On November 16, 2011 the United States Department of Housing and Urban Development (“HUD”) released a proposed rule to establish that proof of intentional discrimination is not necessary to establish a violation of the Fair Housing Act, and that a violation may be established under a disparate impact approach. HUD’s proposal makes clear the intention of the agency to apply this new approach to lenders. In describing policies “that may have a disparate impact,” the proposal references: “mortgage pricing policies that give lenders or brokers discretion to impose additional charges or higher interest rates unrelated to a borrower’s creditworthiness” and “credit scoring overrides provided by a purchaser of loans.”
Though HUD claims in its proposal that the agency has “long interpreted the Act” to encompass a disparate impact test, HUD gives no explanation as to why the agency has chosen just now to articulate its position. It is no secret, however, that nine days before HUD issued its proposed rule, the Supreme Court granted certiorari in Magner v. Gallagher to determine precisely whether the disparate impact theory applies to the Fair Housing Act. One may wonder if HUD’s timing in articulating its so-called long-standing position on disparate impact has everything to do with the Supreme Court’s impending consideration of the issue.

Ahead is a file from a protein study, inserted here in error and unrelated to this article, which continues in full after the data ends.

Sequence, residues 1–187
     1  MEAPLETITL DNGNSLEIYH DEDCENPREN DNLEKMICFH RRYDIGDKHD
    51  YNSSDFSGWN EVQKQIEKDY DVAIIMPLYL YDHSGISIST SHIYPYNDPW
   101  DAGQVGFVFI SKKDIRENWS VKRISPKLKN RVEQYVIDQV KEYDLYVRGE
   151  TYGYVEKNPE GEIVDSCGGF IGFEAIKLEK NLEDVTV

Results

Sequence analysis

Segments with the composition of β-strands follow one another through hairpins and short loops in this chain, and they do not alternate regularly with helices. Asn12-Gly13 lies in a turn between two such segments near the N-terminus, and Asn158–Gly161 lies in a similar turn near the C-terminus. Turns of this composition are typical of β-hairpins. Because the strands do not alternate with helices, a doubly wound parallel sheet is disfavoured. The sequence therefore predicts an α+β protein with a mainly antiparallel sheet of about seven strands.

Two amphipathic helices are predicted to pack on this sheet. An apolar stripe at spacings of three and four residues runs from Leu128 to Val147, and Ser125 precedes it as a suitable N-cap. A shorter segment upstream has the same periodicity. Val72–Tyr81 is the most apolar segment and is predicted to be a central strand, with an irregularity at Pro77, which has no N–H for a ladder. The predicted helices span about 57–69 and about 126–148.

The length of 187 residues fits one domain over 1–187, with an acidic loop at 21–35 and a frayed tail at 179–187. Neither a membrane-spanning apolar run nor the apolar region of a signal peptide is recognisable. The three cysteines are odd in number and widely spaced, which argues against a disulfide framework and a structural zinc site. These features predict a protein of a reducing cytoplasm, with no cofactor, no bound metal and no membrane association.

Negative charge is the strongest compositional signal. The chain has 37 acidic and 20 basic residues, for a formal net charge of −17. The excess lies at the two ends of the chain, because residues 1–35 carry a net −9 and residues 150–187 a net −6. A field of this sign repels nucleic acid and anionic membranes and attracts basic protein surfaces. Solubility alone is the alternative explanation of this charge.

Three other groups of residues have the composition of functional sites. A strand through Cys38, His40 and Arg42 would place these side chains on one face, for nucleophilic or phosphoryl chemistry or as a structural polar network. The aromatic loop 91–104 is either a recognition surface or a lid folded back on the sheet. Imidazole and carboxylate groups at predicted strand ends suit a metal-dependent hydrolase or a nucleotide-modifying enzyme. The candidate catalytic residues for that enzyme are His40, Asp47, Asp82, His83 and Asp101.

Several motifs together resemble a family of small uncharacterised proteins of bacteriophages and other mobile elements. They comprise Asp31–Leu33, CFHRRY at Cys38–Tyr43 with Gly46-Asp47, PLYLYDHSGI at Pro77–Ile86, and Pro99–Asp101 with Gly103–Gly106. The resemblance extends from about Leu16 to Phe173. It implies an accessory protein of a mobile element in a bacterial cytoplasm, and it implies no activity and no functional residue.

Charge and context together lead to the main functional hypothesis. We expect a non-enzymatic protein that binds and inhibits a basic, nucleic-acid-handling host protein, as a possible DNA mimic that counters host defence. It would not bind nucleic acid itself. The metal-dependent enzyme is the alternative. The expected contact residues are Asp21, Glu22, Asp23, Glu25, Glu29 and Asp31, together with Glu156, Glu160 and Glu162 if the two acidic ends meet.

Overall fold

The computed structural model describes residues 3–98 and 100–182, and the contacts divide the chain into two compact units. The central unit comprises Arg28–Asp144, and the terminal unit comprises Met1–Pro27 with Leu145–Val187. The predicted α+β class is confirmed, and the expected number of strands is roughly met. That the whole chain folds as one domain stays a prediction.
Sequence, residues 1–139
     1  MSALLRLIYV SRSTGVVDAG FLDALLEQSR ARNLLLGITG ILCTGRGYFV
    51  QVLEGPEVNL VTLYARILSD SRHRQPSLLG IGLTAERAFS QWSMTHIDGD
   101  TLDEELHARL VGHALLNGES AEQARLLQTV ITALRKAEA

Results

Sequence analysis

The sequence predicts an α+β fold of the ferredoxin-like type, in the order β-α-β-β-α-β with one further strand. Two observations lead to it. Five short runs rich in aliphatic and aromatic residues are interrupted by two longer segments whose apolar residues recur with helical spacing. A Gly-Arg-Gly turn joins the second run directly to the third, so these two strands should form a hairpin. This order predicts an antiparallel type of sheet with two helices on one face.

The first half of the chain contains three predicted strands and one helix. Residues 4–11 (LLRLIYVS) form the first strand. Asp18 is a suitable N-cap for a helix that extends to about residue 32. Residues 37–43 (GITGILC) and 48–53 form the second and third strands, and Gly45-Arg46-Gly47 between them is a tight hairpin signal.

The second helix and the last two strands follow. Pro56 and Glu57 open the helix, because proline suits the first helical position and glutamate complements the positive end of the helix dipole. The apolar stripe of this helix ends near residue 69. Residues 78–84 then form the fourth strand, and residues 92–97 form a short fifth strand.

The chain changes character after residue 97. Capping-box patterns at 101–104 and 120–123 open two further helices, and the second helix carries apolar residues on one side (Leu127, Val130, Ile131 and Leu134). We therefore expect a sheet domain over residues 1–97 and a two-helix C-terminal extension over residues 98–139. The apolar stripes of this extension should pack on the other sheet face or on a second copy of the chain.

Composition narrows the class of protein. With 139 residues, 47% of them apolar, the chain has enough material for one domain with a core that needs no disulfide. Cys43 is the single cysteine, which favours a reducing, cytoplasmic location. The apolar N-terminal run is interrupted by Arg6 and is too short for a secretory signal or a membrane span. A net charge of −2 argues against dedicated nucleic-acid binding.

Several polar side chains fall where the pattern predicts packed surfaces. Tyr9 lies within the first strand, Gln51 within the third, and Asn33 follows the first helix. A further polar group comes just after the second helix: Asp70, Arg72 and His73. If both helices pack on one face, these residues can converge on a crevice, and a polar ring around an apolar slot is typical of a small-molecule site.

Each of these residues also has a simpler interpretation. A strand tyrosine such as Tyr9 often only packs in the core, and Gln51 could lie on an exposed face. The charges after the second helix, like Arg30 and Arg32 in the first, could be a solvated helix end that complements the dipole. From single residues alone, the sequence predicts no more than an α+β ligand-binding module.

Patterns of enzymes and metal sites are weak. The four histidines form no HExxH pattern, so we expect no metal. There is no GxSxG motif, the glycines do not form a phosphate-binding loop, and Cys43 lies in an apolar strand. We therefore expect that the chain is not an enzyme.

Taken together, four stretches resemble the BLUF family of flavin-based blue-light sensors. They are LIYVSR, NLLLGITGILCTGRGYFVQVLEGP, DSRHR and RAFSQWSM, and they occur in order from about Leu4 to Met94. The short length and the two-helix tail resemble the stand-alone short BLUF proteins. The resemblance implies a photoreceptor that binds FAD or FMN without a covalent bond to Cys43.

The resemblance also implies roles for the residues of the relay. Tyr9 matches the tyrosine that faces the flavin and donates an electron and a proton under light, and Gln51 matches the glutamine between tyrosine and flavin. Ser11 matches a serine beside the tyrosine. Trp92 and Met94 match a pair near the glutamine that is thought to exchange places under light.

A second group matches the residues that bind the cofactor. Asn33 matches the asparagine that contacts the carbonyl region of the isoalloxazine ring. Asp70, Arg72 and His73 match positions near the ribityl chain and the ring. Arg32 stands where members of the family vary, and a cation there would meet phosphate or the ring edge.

Interested persons, including lenders, have until January 17, 2012 to comment on HUD’s proposal. Lenders should weigh in, as many aspects of the proposal directly affect the industry. For one, though recent regulatory changes such as the new loan officer compensation rule may minimize future fair lending concerns in this area relating to discretionary pricing, HUD likely will continue to challenge past practices. Moreover, HUD’s proposal not only shifts the burden of persuasion to defendants, but requires them to prove that any statistical racial impact arising from its policies has a “manifest relationship” to a legitimate business interest. This heightened standard may force lenders to defend even the most rudimentary lending practices, such as the use of credit scores and LTV requirements. In the face of these challenges, lenders may feel they are left with little choice but to “manage the end numbers,” even when the numbers are not caused by differential treatment on the basis of race or national origin.